Most biological tissues are sensory, dynamic materials. They undergo

changes in their geometry and in their material properties during growth

and remodelling processes. In this talk, I will focus on a recent

mathematical model of curvature-controlled tissue growth based on a

spatio-temporal cell population model. In this model, geometry modulates

cells collectively through the evolving space available to the population

of cells. The influence of curvature on the collective crowding or

spreading of cells growing new tissue leads to a type of hyperbolic

curvature flow (with curvature-dependent normal acceleration) for the

evolution of the tissue interface. Depending on the strength of lateral

diffusion, the model exhibits complex growth patterns such as undulating

motion, efficient smoothing of irregularities, and the generation of

cusps. While some of these growth patterns can be understood analytically,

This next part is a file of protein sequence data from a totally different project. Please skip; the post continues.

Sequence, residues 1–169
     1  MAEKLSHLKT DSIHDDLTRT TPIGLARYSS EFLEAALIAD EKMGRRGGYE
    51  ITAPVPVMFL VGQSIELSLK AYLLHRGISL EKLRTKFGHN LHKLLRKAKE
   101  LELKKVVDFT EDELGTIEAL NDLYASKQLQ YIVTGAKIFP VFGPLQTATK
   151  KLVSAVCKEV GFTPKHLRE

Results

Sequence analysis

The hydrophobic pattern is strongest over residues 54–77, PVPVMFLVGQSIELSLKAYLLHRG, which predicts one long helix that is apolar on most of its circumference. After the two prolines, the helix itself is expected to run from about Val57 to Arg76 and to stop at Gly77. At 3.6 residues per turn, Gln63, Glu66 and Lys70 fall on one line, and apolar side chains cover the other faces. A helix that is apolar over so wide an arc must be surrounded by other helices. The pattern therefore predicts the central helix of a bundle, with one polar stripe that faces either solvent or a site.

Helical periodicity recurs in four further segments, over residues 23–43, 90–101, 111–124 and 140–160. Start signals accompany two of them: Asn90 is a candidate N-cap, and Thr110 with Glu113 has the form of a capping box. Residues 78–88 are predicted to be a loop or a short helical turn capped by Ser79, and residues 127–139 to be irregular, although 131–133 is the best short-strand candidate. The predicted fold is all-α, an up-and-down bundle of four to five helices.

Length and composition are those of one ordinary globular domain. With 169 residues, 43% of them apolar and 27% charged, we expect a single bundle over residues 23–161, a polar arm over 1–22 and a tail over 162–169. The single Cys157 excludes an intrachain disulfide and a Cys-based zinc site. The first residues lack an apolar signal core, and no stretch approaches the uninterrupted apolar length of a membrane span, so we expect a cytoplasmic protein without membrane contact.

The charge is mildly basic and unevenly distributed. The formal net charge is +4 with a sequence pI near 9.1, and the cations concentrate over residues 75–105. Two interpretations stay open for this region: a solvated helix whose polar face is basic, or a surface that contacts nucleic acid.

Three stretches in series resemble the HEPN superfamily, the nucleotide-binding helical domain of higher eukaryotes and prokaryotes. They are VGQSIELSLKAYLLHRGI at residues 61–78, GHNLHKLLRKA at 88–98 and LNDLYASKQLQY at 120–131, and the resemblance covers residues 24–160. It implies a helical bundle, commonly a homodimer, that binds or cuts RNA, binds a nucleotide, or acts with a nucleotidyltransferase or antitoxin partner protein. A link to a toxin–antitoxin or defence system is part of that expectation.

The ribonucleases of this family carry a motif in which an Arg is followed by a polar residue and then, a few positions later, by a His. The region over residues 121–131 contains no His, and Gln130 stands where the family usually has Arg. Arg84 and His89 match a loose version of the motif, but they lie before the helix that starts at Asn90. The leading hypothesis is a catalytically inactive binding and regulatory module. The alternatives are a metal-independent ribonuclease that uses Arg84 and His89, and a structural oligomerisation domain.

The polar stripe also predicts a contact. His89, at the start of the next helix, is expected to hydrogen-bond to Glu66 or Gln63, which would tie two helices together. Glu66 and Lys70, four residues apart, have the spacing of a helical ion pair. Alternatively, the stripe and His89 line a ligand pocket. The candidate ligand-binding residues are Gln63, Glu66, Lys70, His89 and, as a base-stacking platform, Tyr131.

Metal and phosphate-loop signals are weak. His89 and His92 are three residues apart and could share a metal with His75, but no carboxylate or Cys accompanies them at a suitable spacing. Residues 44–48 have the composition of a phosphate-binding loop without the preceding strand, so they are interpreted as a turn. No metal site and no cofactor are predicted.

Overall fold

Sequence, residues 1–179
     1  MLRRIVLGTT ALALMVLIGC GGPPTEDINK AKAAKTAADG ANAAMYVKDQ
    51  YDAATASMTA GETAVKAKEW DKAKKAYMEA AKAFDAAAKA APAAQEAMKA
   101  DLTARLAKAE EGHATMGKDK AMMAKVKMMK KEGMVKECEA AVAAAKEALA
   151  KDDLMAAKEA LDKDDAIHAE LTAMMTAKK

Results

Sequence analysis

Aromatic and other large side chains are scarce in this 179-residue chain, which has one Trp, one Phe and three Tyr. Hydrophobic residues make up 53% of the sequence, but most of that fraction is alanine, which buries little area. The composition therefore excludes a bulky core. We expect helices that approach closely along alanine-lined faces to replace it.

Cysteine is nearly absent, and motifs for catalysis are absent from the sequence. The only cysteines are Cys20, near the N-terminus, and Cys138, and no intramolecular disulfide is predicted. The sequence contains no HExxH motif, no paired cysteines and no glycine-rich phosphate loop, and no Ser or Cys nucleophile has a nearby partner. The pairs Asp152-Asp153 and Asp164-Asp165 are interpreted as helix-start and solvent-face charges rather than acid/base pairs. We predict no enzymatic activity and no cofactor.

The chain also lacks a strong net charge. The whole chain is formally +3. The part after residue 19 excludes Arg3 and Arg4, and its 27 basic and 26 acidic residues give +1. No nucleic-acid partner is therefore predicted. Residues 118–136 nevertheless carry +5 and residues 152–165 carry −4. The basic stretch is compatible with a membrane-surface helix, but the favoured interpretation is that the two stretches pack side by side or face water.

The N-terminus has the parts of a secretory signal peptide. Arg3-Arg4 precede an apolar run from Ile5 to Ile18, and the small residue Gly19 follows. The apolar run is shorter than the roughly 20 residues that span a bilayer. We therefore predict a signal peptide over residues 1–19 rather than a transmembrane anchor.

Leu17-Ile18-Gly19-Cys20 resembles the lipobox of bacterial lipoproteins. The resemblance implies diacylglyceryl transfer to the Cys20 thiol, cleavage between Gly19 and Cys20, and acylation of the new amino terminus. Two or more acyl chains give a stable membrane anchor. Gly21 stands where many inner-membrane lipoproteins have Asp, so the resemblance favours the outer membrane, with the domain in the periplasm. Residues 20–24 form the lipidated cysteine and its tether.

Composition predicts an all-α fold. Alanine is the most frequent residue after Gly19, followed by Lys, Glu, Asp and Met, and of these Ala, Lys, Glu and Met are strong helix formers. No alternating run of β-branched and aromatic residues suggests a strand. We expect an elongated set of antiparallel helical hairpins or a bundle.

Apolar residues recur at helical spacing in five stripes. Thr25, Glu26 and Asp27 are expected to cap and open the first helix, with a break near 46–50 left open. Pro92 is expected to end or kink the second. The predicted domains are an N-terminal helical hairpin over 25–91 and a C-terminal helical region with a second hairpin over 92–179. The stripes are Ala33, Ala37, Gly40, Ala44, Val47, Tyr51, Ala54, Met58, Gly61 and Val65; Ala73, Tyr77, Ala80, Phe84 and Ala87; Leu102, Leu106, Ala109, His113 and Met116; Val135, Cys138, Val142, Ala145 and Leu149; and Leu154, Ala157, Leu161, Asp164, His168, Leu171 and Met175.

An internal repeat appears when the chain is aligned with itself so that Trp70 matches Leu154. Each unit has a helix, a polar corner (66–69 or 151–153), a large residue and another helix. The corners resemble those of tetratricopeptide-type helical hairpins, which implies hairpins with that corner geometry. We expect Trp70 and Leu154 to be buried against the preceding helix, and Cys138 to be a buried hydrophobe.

such as the shock structure in the zero-diffusion and infinite-diffusion

limits, the transition between undulating motion and efficient smoothing

that occurs at intermediate diffusion remains an open problem.

* Bio

Pascal is a lecturer in Mathematical Biology at Queensland University of

Technology (QUT), Brisbane, Australia. He has been an Australian Research

Council Early Career Research Award (ARC DECRA) Fellow (2013-2017), and

previously held appointments at Monash University (School of Mathematical

Sciences) and at the University of Western Australia (Engineering

Computational Biology Group). He holds a PhD in Theoretical Physics

(Statistical Mechanics) from the Swiss Federal Institute of Technology

Lausanne (EPFL) and a MSc in Physics from the Swiss Federal Institute of

Technology Zurich (ETHZ).

His research interests include mathematical biology, mechanobiology,

complex systems, and stochastic processes.

About Applied and computational maths seminars

Our seminars bring together UQ's applied and computational mathematics communities.

UQ and invited scientists deliver the presentations, which are informal and promote discussion.

We welcome suggestions for speakers and topics from staff, students and visitors, and encourage students to share their work.

Our seminars are held on Thursdays from 3pm to 4pm in the Priestley Building (Building 67), Room 442.

To suggest a topic or speaker, and for more information, contact Dr Dietmar Oelz or Dr Fred Roosta-Khoransani.